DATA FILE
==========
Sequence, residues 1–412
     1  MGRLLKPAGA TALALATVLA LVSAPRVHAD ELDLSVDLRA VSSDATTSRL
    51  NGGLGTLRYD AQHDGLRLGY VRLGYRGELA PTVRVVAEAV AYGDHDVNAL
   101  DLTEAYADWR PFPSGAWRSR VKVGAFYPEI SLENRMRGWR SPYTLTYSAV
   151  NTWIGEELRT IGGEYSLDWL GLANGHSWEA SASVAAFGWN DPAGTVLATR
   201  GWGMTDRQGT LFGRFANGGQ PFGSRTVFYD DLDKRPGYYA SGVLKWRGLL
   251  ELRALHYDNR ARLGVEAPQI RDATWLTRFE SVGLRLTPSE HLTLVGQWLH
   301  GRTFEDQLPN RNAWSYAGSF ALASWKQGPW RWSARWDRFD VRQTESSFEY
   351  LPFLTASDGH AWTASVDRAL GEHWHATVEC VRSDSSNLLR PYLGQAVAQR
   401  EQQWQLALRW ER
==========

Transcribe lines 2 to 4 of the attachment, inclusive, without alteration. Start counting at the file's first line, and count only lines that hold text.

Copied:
     1  MGRLLKPAGA TALALATVLA LVSAPRVHAD ELDLSVDLRA VSSDATTSRL
    51  NGGLGTLRYD AQHDGLRLGY VRLGYRGELA PTVRVVAEAV AYGDHDVNAL
   101  DLTEAYADWR PFPSGAWRSR VKVGAFYPEI SLENRMRGWR SPYTLTYSAV